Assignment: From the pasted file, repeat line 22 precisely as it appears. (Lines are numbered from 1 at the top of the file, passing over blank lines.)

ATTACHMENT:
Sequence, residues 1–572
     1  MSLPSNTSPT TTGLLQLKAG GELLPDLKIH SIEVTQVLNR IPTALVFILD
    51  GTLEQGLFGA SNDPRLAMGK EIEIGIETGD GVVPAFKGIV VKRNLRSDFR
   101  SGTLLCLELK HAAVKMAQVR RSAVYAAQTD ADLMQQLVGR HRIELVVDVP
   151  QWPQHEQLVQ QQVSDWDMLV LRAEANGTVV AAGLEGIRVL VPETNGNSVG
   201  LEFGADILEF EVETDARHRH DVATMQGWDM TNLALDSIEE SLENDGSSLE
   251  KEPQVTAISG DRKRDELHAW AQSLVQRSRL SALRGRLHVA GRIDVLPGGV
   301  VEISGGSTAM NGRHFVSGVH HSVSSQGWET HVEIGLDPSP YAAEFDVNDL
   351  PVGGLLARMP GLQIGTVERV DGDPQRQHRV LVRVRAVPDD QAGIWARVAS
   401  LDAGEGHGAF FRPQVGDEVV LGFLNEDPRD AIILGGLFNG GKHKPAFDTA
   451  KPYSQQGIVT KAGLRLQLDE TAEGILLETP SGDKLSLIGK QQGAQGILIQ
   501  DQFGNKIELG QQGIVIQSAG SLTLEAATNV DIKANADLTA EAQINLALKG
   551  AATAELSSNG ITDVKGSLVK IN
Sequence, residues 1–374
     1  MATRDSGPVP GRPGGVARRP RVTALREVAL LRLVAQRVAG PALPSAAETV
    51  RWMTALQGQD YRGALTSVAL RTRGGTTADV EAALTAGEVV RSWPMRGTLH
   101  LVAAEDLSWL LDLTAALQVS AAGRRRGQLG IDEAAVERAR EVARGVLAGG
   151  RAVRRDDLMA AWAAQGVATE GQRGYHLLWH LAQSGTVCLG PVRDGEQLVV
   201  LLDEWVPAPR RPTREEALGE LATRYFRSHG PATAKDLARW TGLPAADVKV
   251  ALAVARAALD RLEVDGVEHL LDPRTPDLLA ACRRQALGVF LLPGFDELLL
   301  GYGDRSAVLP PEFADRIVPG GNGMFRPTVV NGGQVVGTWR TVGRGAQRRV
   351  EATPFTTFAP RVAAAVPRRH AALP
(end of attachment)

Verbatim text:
   351  EATPFTTFAP RVAAAVPRRH AALP